**** I wrote this piece for my non-fiction creative writing class. I thought you all might enjoy reading it.
I am up and out the door. My keys are in my hands. Three locks twist shut and I jerk the giant brass knob once for insurance. My boots hit the cobblestone and I head through our sixteenth century two-story wooden gate. The bitter wind makes my hair fly, and my eyes squint in the mist of gray Brussels morning. My headphones wake my brain with the melodic sounds of The Weepies. Two blocks down I slide though the automatic doors of the GB-Express. The same young clerk greets me with Bonjour. I smile, and jet to the back of the store. My Friday morning essentials include: two Coca Colas, two warm croissants, and a tall liter bottle of water. My body punishes me for Thursday nights drinking heavy Belgian beer. The quick stop is all that can prepare me for three hours of Art History. The Cokes are a poor substitute in a country that does not believe in to-go coffee. My sluggish feet bump against raised cobblestones as I walk another block and cross the street. By the time I reach the escalator I’ve nibbled half the croissant and gulped down a pint of water. I routinely walk to the East end of Saint Kateline metro tunnel. The first car will put me a few steps closer to the ascending escalator when I reach Pévillion. My Friday morning timing becomes an art, and my hung over body acts like a dependable robot on her way to school.
I watch the blinking lights on the over head sign that indicate how much time until the next train. When it comes I can hear the train arrive over the music in my headphones. The sliding doors open, I enter, and push my body tight against the opposite door. Fridays are my only peak hour commute. The metro fills with school children, parents, students, Eurocrats, and businesspeople. I essentially hold my breath until we pass the next two stops in the center of the city. De Brouckére and Gare Centrale release and accept hordes of bustling people. Each Friday my Ipod and sleepy eyes give me the autonomy to observe my fellow groggy commuters. I cannot help but sympathize with nodding five year olds clinging to consciousness on their way to kindergarten. Often I see the same African women surrounded by her five beautiful children. The youngest one sits on the orange pleather seat, thumb in mouth, next to his mother. The head wrapped mother whispers, what I hope are sweet nothings, to the child sitting on her lap. She appears so foreign to me. We come from different worlds, but find ourselves whiling underneath Brussels at 7:30 in the morning. I can only assume she is an immigrant- voluntary or forced. Her children consumer her in this moment, but I am alone and grasping my bag while listening to American indy rock. Despite our alternative realities the love as she eyes her children is universal. When they reach their stop the only girl, who is about ten, acts as a second mother by corralling everyone off the train. The commute is routine, but each time it feels extraordinary.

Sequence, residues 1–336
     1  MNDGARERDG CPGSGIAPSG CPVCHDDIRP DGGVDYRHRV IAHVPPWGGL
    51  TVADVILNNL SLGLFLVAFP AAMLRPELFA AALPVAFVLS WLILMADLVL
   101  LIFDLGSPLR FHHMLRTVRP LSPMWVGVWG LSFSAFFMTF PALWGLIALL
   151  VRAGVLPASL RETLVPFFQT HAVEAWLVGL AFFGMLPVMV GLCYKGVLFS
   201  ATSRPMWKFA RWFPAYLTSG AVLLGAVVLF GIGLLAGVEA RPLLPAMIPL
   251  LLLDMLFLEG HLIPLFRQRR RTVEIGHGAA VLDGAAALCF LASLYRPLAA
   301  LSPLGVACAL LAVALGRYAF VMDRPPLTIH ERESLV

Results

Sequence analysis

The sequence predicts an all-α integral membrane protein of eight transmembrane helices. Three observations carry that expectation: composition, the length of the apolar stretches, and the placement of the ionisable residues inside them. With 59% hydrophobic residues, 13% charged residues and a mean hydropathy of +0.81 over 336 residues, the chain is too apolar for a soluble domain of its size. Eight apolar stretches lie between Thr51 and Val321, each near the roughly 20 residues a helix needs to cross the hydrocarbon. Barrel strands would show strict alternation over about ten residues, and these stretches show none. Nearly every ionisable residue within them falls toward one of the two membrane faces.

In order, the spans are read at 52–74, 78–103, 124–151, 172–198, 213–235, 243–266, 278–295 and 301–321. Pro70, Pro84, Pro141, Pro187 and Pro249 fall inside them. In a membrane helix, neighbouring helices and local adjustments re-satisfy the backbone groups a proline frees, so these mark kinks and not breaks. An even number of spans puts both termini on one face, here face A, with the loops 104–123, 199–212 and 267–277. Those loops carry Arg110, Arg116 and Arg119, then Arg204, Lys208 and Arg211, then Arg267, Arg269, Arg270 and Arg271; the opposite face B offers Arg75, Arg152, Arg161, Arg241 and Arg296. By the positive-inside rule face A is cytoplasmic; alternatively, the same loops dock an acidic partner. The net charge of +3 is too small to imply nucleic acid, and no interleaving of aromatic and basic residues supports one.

My Friday morning commute becomes normal during my five months in Brussels. I travel half sleeping, but each time I enter the metro car I am shaken by how much I have to learn from the people who surround me. I greet a group of new and familiar passengers knowing that each has a destination and routine. I am present and part of this daily scene. My twenty-minute commute gives me a small privileged window into the humanity. We all grow a little closer through the collective burden of commuting. Each pair of feet will hit the cobblestone at the top of the platform. Their hands will stuff in wool coat pockets, their eyes will squint in the cold mist of morning, and they will begin their Fridays somewhere in this thriving city. By the time I reach the Pévillion platform the car is nearly empty. Most of the passengers are university students standing like fellow robots on their way to torturous eight o’clock classes. I exit and walk the four blocks to class, sit down, and hand Ashley her coke, croissant, and water. She greets these staples with a smile. We spend a few precious moments giggling about crazy Thursday night antics in the streets and clubs of Brussels. This week’s agonizing lecture on ancient Iranian art begins.